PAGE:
Ancient megalithic tombs found in Europe were probably the first astronomical observing tools used by humans 6,000 years ago before the invention of telescopes, according to British astronomers. The long, narrow entrance passages to these prehistoric tombs enhanced the night sky.
As presented by the team at the National Astronomy Meeting last week in Nottingham, the prehistoric tombs could have been sacred and were used as rites of passage where the initiated would spend the night. The only light was from the sky shining down the entrance lined with their ancestors’ remains, which caused an effect that they believed was their ancestors giving them special powers. Lead researcher Kieran Simcox, a student at Nottingham Trent University, adds that it is a surprise that no scientists have conducted research about this before.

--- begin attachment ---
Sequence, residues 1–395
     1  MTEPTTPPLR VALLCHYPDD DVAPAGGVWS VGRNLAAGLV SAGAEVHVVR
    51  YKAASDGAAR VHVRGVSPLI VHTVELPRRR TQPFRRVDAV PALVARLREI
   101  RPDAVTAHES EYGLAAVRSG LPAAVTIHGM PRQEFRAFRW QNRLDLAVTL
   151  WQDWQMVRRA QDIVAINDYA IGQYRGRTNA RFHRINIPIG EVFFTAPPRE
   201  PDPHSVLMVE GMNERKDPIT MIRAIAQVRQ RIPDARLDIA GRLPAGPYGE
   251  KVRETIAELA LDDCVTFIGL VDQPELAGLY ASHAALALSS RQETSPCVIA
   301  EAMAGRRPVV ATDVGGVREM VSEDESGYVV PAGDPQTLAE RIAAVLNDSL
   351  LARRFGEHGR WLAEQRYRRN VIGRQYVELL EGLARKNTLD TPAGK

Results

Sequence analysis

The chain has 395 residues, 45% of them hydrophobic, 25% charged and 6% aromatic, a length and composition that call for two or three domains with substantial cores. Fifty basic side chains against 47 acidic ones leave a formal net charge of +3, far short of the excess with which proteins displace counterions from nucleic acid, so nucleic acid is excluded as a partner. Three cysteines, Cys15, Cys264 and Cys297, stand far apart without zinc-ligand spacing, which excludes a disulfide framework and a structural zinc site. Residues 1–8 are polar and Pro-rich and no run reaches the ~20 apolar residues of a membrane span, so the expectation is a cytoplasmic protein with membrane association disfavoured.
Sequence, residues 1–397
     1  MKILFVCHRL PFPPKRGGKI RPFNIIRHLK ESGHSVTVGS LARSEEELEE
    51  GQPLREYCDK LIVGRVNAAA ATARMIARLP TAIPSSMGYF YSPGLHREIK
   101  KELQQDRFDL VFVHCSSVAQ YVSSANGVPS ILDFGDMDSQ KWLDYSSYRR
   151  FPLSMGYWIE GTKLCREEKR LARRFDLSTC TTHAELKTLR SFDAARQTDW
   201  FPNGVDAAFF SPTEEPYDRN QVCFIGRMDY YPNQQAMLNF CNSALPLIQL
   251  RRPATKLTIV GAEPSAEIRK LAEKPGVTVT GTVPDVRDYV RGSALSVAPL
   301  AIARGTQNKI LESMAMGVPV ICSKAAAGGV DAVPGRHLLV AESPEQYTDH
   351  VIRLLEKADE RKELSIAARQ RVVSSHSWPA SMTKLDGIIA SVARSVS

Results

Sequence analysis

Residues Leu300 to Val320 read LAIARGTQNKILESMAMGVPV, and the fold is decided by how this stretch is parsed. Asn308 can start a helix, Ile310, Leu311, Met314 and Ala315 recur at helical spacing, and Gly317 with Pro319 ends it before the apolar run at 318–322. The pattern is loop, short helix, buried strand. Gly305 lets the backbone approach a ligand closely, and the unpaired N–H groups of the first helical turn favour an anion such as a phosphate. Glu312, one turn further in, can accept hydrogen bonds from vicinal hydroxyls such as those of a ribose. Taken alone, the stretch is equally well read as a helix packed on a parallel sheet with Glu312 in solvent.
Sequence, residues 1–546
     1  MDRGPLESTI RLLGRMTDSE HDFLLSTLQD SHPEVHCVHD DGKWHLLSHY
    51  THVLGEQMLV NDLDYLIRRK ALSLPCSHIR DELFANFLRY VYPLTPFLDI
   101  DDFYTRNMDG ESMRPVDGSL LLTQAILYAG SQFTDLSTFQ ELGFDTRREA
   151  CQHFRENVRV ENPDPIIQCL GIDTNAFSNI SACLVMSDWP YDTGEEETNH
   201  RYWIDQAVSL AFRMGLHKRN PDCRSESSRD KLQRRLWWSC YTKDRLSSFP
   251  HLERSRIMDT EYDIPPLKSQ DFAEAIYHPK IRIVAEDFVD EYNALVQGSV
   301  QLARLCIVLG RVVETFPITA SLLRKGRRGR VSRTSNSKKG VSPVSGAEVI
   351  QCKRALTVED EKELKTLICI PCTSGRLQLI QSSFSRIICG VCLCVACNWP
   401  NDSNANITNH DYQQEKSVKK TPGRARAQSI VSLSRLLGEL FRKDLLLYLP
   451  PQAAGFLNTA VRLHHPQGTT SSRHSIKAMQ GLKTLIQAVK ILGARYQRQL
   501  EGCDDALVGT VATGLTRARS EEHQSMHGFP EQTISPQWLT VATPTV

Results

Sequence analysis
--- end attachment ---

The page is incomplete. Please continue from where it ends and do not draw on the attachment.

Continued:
The research team plans to test this theory to see how a narrow opening, like a doorway, affects a person’s perceptions of less brighter stars. They aim to see if these structures impact how the naked eye sees the sky despite its brightness and color.
“The orientations of the tombs may be in alignment with Aldebaran, the brightest star in the constellation of Taurus,” says Fabio Silva, from the University of Wales Trinity Saint David. “To accurately time the first appearance of this star in the season, it is vital to be able to detect stars during twilight.”
If this turns out true, the first sighting of a star after a long absence from the night sky could have been a seasonal marker, which also determined the start of animal migration to grazing grounds in the summer. Not everyone knew about this and those who spent the night at the tombs were the only ones who have this secret knowledge.
They plan to apply the concept to the Seven-Stone Antas in central Portugal. It is a passage grave estimated to be 6, 000 years old. More studies are still needed and more evidence should be gathered to confirm that these structures were actually the first astronomical tools used to watch the night sky